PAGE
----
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Facebook has used illegal monopoly power and an “unlawful scheme” to stifle competition, degrade personal privacy, and crush rivals, according to antitrust lawsuits filed Wednesday by 48 US attorneys general and the Federal Trade Commission.

“For nearly a decade, Facebook has used its dominance and monopoly power to crush smaller rivals and snuff out competition, all at the expense of everyday users,” said New York Attorney General Letitia James at a press conference announcing the action. “By using its vast troves of data and money, Facebook has squashed or hindered what the company perceived as potential threats.

James said the company’s “unlawful scheme” reduced choices for consumers and “degraded privacy protections for millions of Americans.”

The long-anticipated suits allege that the social networking behemoth abused its market dominance in order to acquire or kill off competitors, abuse the privacy of Americans, and punish rivals who refused to be acquired. The suits cite Facebook’s 2012 acquisition of Instagram, a photo-sharing app, and its 2014 purchase of WhatsApp, a messaging app as key examples of its alleged anti-competitive behavior.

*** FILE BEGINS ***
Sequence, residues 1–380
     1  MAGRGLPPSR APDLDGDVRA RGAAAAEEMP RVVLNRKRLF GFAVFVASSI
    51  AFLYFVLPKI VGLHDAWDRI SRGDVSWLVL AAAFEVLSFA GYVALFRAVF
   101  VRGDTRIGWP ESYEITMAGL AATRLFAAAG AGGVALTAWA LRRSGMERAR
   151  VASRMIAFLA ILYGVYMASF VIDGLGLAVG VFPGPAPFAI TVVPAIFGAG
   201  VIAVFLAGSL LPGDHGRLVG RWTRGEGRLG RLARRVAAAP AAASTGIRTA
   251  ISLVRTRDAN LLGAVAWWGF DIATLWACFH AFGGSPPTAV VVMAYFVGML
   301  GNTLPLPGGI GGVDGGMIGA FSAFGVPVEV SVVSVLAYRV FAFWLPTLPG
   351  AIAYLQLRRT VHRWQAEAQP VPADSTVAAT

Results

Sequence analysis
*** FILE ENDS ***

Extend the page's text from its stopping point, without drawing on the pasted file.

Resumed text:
The suits ask the courts to permanently stop Facebook from continuing its allegedly illegal behavior, to curtail major new acquisitions by the company, and to potentially force the company to divest major assets, including Instagram and WhatsApp. The states asked the courts to require Facebook to seek their approval for acquisitions valued at or above $10 million.

“Facebook’s actions to entrench and maintain its monopoly deny consumers the benefits of competition,” said Ian Conner, director of the FTC’s Bureau of Competition, in a statement. “Our aim is to roll back Facebook’s anticompetitive conduct and restore competition so that innovation and free competition can thrive.”

Facebook did not immediately respond to a request for comment. It previously defended its actions and acquisitions.

““Instagram and WhatsApp have reached new heights of success because Facebook has invested billions in those businesses,” said a company’s statement issued after the House Antitrust Subcommittee released a report in October that said it and other tech giants have abused their monopoly power. “A strongly competitive landscape existed at the time of both acquisitions and exists today. Regulators thoroughly reviewed each deal and rightly did not see any reason to stop them at the time.”

A part of public hearings held in July, the subcommittee released emails from Facebook founder and CEO Mark Zuckerberg where he told a company executive that acquiring Instagram would neutralize a competitor.

“These businesses are nascent but the networks are established, the brands are already meaningful, and if they grow to a large scale they could be very disruptive to us,” Zuckerberg wrote to David Ebersman, the company’s CFO at the time.

Forty-five minutes after sending his email, Zuckerberg attempted to walk back his comments. “I didn’t mean to imply that we’d be buying them to prevent them from competing with us in any way,” he wrote in a follow up message.

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